Bory Tucholskie

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The Bory Tucholskie within the geomorphological division of Poland
Tucheler Heide in southwestern West Prussia near the cities of Konitz and Tuchel on a map from 1896

The Bory Tucholskie (German Tucheler Heide , Kashubian : Tëchòlsczé Bòrë ) is a large forest and heather landscape near Tuchola ( Tuchel ) in the northern Polish Voivodeship of Kuyavian-Pomerania . Part of the heather is the Bory Tucholskie National Park, founded in 1996 , which forms the core of a biosphere reserve recognized by UNESCO .

Position and extent

Covering an area of ​​around 3,200 km², the Tucheler Heide forms one of the largest forest areas in Poland and Central Europe . The area lies between the Brahe in the west and the Schwarzwasser in the east in the western Vistula region . In the south-east the forest area reaches close to the Vistula lowland, to the north-west it goes slightly beyond the stretch of the Prussian Eastern Railway ( Linia kolejowa nr 203 ). The largest cities are Czersk with around 9,500 inhabitants in the northwest and Tuchel with around 14,000 inhabitants on the western edge. The former Royal Forest Wirthy on Bordzichower See with the Arboretum Wirty, founded in 1875, forms the north-eastern foothills of the heather .

In June 2010 UNESCO elevated the forest to a biosphere reserve under the MAB program . The core area of ​​the reserve consists of the Bory Tucholskie National Park (Polish: Park Narodowy Bory Tucholskie ) and 25 nature reserves in the buffer zone. The buffer zone is formed by the Tucholski Park Krajobrazowy, the Wdecki Landscape Park (Wdecki Park Krajobrazowy), the Wdzydze Landscape Park (Wdzydzki Park Krajobrazowy) and the Zaborski Landscape Park (Zaborski Park Krajobrazowy) in the rural communities of Chojynice and Brus . Tuchel and the surrounding districts are part of a transition zone. The core area of ​​the biosphere reserve covers 78.81 km², all three zones together 3,195 km².

Origin, landscape and climate

Kamień św. Wojciecha (St. Adalbert's Stone) 2007

The Tucheler Heide was created as a typical sand surface during the Vistula Ice Age . Meltwater from the Pomeranian ice-edge location immediately to the north poured large amounts of sand into their foreland. The previously existing ground moraine areas were largely buried, but their highest parts still protrude from the sandy areas like islands. The heathland continues to be characterized by numerous lakes, the structure of which is mainly due to meltwater erosion in glacial channels , combined with sealing the basins with dead ice . Majority witness of glacial surface forming the Felstone ( Diabelski kamień ) at Leosia / Gródek ( GRODDECK ) , a boulder of granite having a circumference of 24.50 meters, a width of 8.80 meters, a height of 3.80 meters and a Weight of around 1,750 quintals. The natural monument ( pomnik przyrody ) is the third largest boulder in Poland and is now mostly called the Stone of St. Adalbert ( kamień świętego Wojciecha ).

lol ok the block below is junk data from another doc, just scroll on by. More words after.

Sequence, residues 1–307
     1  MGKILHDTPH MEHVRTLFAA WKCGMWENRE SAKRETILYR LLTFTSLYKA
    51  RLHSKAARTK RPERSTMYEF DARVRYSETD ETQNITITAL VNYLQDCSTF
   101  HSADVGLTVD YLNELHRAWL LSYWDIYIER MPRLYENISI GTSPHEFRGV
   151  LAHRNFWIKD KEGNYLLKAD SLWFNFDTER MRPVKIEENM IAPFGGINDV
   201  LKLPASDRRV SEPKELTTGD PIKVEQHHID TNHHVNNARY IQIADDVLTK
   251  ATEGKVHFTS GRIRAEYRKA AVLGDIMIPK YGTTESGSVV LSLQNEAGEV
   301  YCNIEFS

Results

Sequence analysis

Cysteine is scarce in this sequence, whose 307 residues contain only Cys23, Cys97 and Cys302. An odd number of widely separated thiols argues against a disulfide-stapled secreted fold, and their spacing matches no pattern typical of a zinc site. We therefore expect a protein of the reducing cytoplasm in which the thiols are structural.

1914 wrote Adalbert Luntowski (1883-1934), who later Adalbert Reinwald called and in the spirit of migrant bird guide , Fichte Society from 1914 and life reform movement for the Germanic modernism and the birth of the German people recruited:

“We see a stretched plateau, lined with pine trees, monotonous, always the same picture. Only rarely white birch or alder stands. But a lot of forest bog, and more and more heathland after heather. [...] Juniper, here called kaddik, heather, blueberry bushes, cranberry bushes, thistles, sand carnations, mosses, lichens, rarely undergrowth - a great, wide solitude, a melancholy solitude, even more haunted melancholy when we trudge through wide sandy soils, or when we are the dark gaze of a boggy water makes one linger, and all around a great heroic silence; you hear bees and bumblebees buzzing in the air, you hear the song of larks rising against the pale blue sky, but these voices make the loneliness and the great silence even more audible, even more severe and serious. "

- Adalbert Luntowski: German walks.

The area with its loamy-sandy, diluvial soils lies in the transition area between a mild maritime and continental climate . Sometimes very long and severe winters characterize the dry region with the low average rainfall of 600 mm / year. The average annual mean temperature is 6.7  ° C , the vegetation period is around 200 days a year (the data refer to the northeast region at Arboretum Wirty).

Flora and fauna

Pine trees in the Tucheler Heide

Pine , spruce and beech trees originally dominated the sandy soils . After deforestation and afforestation in the 17th century, the forest largely developed into a pine monoculture, interspersed with some oaks , hornbeams , aspen and linden trees , some of which were planted . According to Luntowski, in 1914 between the Mukrzsee and Ebensee (in today's Wdecki-Landschaftspark ) there was the 19-hectare Zisbusch, protected as a natural monument since 1827, with around 5,000 specimens of the European yew , even then a species of yew that was increasingly disappearing in Germany . Even today, the yew forest with around 3,500 remaining and up to 500 years old specimens is under nature protection. Warmth-loving species are mainly found on the slopes of the Vistula. Cranberries , swamp porst , numerous species of deciduous moss and Sphagnaceae from the genus of peat moss can be found in the moors, some of which formed in the deforested areas . Noteworthy in the national park are the occurrences of the rare water lobelia , the sea ​​bream and the European strandling .